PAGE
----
Additionally, if businesses are working with one or more carrier, the footprint of the required operating portals begins to become intrusive. The survey unearthed cases of businesses using as many as 15 sets of free software, effectively barring convenient integration of data and holistic visibility of the entire order-to-cash despatch process.


The business benefits of specialist software

Customers were asked to rate the importance of a range of different functions or benefits and then to rate their supplier or software on its performance.

Average satisfaction increases progressively from low-end to high-end market segments. Users of paid-for software also score the performance of their software above users of free software on every factor.

The most important benefit of multi-carrier software is to reduce costs. This function topped all three market segments. The second most important benefit is the ability to handle parcel variety. This response can again be taken as a customer service initiative, with businesses looking to be as flexible as possible in the delivery services that they offer and the range of goods that they deliver.

Customer communication was also high on the list of requirements for users from all volume brackets. 

Almost half of all respondents said that they had access to information to inform customers about delivery status. One quarter provided customers with full visibility through direct access to information. However, only half of respondents have full track and trace capability rising to three in five of all firms shipping 85 or more parcels each day.

Again, there is huge scope for improvement in this area. For any customer receiving goods whether a business or a consumer query resolution plays a vital role in customer satisfaction. Knowing the precise status of a parcel within the delivery chain provides full job integrity and offers significant added value to customers.

The IT resource drain

Users of specialist software have a variety of sources for their application. Some 59% of respondents claim to develop their own solutions, an unnecessary drain on IT resources that seems to contradict good business sense.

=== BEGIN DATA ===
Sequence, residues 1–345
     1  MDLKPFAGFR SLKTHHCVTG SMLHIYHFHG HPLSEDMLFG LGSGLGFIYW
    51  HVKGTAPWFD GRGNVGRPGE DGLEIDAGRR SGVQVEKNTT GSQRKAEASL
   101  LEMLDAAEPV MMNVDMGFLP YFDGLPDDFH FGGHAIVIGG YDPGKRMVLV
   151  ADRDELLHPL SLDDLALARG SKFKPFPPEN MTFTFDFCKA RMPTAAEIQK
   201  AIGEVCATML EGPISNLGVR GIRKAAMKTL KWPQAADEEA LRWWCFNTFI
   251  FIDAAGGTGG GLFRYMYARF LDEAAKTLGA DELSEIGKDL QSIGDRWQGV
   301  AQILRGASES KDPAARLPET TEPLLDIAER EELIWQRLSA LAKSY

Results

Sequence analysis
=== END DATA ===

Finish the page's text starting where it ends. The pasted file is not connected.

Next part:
One of the major benefits of off-the-shelf specialist software is access to a library of carrier interface routines, making it far easier to change carriers if required. Packaged software generally affords more and better functionality. Indeed, Capgemini suggests that manufacturers, wholesalers and retailers already using ERP systems will benefit from off-the-shelf software, with little or no customisation to specific needs.


Sound investment

Most companies investing in specialist multi-carrier software achieved a very rapid return on investment. Depending on the market segment, around 70% or more achieved break-even within 12 months.

Despite this finding, there are still a surprising number of companies shipping notable volumes of parcels that do not use specialist software.

The Pitney Bowes survey suggests that now is the time for laggard businesses to consider their future planning. The specialist multi-carrier software market is still relatively immature particularly in the UK.

Todays cutting edge software will support the rates, labels, manifest and all required documents of the wide gamut of carriers and will handle the EDI data transfer to the chosen supplier.

This document management benefit is augmented by obvious cost efficiencies as the above ROI figure suggests meaning businesses can deliver better value to customers. But equally, specialist software is allowing leading businesses to deliver customer-driven solutions that encourage two-way track and trace dialogue, resulting in customer satisfaction and repeat business.

Certainly, the business of distribution has never been more sophisticated. But with this complexity comes choice and the opportunity to benefit from a competitive, ever-changing carrier marketplace.

Ultimately, those businesses ignoring specialist solutions for an increasingly specialist business function face the very real risk of falling irreversibly behind more forward-thinking competitors. Arguably, free software has never come at such a price.